As if that isn’t enough, there is now a nationwide formula shortage, driven by supply chain problems and exacerbated by the closure of a major production plant in February and the recall of select infant formulas sold under the Similac, Alimentum and EleCare brands. More than 40% of baby formulas are out of stock, and President Joe Biden has called on the Federal Trade Commission to investigate reports of price gouging.
Roy’s son has gastroesophageal reflux disease that requires him to be on a specialized amino-acid based formula, and it has frequently been out of stock at stores near her home in Southington, Connecticut. Without it, her baby cries, vomits and twists his body in pain.
Roy has been heartened by the way families have come together during the formula shortage, starting local Facebook groups to share cans of formula and time-stamped photos of what they see on store shelves. But she finds it “scary” that a day might come when she would be unable to find any formula for her son — and unable to offer her son breast milk.
As the shortage worsens, other mothers who cannot breastfeed say they feel as though they just need to try harder. Jane Varghese Williams, 27, has felt guilt over not breastfeeding her son, who has a feeding disability, since he was born last November.
“It definitely makes me feel like an inadequate mom, especially because before I had my son, I thought I would breastfeed for at least the first year,” said Williams, who is a stay-at-home parent in Atlanta. “I was in denial that he couldn’t breastfeed, and he ended up losing 10 ounces from his birth weight. That was the wake-up call we needed to get him on formula.”
But finding her son’s preferred formula has been difficult, and having to switch between various brands makes him fussy and uncomfortable, the combination of which has renewed pressure on her to find a way to breastfeed.
“I have considered trying to relactate,” said Williams, referring to the difficult process of trying to restart breastfeeding after it has been stopped for weeks or months.
Caitlin Joyce, 22, is also researching relactation after spending hours every week searching for formula. Last week, she and her mother drove for two hours up and down the South Shore of Massachusetts, scouring every Target, Walmart or supermarket they saw along the way — “and they didn’t have anything,” Joyce said. Though she has not breastfed her baby in six months, she has been searching online moms’ groups for tips on how to restart milk production.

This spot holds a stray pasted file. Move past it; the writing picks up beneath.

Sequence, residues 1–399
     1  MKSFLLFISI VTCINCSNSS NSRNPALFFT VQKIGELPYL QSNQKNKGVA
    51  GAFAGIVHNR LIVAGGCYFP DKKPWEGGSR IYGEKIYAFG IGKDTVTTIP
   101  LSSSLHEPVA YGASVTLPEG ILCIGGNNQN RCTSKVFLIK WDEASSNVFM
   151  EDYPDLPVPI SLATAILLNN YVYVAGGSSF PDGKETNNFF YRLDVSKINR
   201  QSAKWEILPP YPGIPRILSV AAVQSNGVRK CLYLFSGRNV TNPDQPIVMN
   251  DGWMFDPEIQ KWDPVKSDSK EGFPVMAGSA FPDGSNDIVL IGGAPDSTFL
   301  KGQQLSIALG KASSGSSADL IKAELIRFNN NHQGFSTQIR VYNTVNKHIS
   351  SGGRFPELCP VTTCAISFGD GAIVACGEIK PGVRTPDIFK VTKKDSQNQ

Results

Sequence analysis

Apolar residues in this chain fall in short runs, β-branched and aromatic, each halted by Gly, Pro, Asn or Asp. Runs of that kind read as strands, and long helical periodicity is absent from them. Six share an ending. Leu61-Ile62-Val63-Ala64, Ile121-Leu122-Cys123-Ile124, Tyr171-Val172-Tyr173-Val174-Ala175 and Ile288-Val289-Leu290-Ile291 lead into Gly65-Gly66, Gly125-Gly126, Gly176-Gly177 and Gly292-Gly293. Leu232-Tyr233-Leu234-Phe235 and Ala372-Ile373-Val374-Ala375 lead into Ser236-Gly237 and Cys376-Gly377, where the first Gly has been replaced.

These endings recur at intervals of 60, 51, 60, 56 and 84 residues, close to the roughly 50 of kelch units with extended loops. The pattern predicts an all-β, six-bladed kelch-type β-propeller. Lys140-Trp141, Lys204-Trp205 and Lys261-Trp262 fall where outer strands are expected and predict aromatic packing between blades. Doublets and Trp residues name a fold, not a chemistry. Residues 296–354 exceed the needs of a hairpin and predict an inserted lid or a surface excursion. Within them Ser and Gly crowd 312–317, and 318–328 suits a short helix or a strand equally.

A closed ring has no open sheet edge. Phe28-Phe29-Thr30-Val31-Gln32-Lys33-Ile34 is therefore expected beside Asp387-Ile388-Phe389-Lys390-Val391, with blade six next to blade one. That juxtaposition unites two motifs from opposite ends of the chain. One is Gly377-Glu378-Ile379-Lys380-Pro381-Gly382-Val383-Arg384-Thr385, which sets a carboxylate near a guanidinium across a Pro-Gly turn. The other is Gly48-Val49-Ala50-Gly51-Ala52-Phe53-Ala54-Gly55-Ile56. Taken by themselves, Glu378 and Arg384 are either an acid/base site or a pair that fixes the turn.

Dr. Casey Rosen-Carole, director of the breastfeeding and lactation medicine program at the University of Rochester Medical Center, said the physiology of breastfeeding “is not especially resilient, in that once it’s over it’s very hard to build it back.” The prospect that women may be attempting to relactate in response to the formula crisis concerns her, she said, because mothers could compound stress by pushing their bodies to do something that is difficult, if not impossible.
Dr. Alison Stuebe, an OB-GYN and distinguished scholar in infant and young child feeding with the University of North Carolina’s Gillings School of Global Public Health, said the idea that every woman can produce all of the breast milk her baby needs “is not predicated on reality. Every person can’t make all the insulin they need. That’s why there’s a disease called Type 1 diabetes — and we don’t say, ‘Well, if you just tried harder, you wouldn’t need that medicine.’”
Staring down the prospect of being without formula, some mothers are mulling alternate ways to feed their babies. When her daughter was born, Zumely Ebanks, 23, had to be separated from her because of medical issues and could not breastfeed. Her baby got used to formula, she said, and at 3 months old has not breastfed at all. Ebanks, who lives with her mother and baby in Houston, called the shortage “alarming.” “If there isn’t any formula, I would not know what to do,” she said.
So far, she has been able to find her preferred formula at her local H-E-B grocery store, but if that changes she plans to turn to “previous traditions,” like rice water and atole, a corn-based drink. Health experts have warned parents against resorting to homemade baby formula, but women are worried they may have no other options.
As the formula shortage continues, breastfeeding experts remain concerned not only for the babies but for the mental health of mothers.
“When it’s about your kid and when it’s about, you know, your newborn — your baby — and being able to feed them and put food in their mouths, it’s hard,” Roy said. “You feel like you’re a bad mom.”
This article originally appeared in The New York Times.